Fifty Shades of Grey (2015)


NEW RELEASE FILM REVIEW
Seen at Peckhamplex, London, Saturday 28 February 2015


© Universal Pictures

Having created a straitjacket for myself with my New Year’s resolution, there was no other option but to go see this adaptation of a well-known (if not necessarily well-regarded) novel/extended fanfic by English writer E.L. James — which, I’ll say right now, I haven’t read, though that surely shouldn’t get in the way of appreciating the film/s (it didn’t for Harry Potter, after all). There’s certainly no shortage of women in control behind the scenes of the film, but the question was always going to be how much would be onscreen. As it happens, Dakota Johnson does really very well in the lead role of Anastasia Steele, intrepid college reporter interviewing youthful tycoon Christian Grey (a comparatively bland Jamie Dornan). I think most people know the set-up so I shan’t go any further here with a plot rehash here, because to do so at this point would frankly be boring, but it’s safe to say the film is shot with the kind of steely professionalism that could suggest any major world city as the setting (technically it’s Seattle, in a nod to its Twilight-fanfic origins perhaps, but seems to be shot in Vancouver, yet either way there’s very little sense of place). It fixates on the shiny, modern, expensively-clad business world of its male hero, the trappings of which are supposed to sway Ana towards love, but for which she generally shows very little enthusiasm. In some way, it’s a masterclass of minimalist acting by Johnson: one can never quite tell how much she really lusts for Christian, and how much is a sort of naive complacency or a lack of anything better to do with her time. It sets up her submissive role in the ensuing relationship, but the film makes efforts to suggest that through it all she knows what she’s doing and subtly exerts control, and there’s some really well-judged humour in possibly the film’s best scene — the boardroom contract-signing where she sets her limits within the relationship (how many onscreen relationships have clearly defined and agreed boundaries, after all?). That said, the ensuing erotic scenes are all rather restrained (I’m surprised at the 18 classification, frankly), and hark back to some hoary cinematic clichés (there’s an icecube scene that I think dates back to 9½ Weeks, and that’s not the only 80s retro throwback). In short, it’s a more successful film than I had feared, and Johnson will (I hope!) have a long career. Perhaps it may even be due a critical reassessment when we’ve passed this first phase of its infamy, but for now, let’s just say it’s as inoffensive as it has any right to be, given its romantic lead is a man who enjoys hurting women.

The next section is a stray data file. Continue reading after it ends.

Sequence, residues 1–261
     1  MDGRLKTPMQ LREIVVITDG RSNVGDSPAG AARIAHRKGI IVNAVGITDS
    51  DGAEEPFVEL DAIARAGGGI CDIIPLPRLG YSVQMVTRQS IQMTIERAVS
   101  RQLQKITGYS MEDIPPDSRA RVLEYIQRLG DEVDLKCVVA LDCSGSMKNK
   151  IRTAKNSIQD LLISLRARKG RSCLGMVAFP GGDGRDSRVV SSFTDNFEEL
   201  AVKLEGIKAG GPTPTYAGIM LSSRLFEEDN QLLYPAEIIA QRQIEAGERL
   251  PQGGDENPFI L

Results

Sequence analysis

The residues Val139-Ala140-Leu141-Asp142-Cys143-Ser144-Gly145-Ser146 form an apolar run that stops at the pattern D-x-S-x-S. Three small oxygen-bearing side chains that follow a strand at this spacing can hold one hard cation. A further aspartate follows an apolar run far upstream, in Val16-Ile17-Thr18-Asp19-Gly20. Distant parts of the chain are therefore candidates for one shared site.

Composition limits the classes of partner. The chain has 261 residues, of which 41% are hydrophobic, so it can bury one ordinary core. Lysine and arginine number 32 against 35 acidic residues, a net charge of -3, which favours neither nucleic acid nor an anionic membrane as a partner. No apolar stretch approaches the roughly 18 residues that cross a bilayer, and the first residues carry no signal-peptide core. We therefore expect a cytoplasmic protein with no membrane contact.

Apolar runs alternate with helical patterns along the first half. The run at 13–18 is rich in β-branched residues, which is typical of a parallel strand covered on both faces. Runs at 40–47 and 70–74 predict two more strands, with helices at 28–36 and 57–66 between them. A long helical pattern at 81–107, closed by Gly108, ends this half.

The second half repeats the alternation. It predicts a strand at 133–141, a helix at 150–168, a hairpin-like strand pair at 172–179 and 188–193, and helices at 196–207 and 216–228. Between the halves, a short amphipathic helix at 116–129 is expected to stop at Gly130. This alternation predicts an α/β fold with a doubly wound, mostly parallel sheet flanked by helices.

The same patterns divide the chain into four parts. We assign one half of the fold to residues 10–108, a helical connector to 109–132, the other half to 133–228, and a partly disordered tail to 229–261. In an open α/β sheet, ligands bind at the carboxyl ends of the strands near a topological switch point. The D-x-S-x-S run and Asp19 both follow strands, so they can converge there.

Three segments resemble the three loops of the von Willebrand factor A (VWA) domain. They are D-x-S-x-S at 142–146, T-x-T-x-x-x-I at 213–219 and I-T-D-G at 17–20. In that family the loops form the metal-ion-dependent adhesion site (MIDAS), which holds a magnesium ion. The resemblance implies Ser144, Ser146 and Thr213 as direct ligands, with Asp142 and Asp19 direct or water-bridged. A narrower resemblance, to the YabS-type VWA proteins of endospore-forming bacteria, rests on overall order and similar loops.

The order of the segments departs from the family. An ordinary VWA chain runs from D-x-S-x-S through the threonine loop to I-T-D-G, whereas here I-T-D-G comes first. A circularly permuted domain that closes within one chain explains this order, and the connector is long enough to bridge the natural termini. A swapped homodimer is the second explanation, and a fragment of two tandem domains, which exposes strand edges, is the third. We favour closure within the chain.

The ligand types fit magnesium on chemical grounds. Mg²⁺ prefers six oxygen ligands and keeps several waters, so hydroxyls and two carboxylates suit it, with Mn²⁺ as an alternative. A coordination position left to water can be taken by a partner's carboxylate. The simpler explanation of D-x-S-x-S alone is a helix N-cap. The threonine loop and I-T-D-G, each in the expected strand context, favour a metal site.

CREDITS || Director Sam Taylor-Johnson | Writer Kelly Marcel (based on the novel by E. L. James) | Cinematographer Seamus McGarvey | Starring Dakota Johnson, Jamie Dornan | Length 125 minutes

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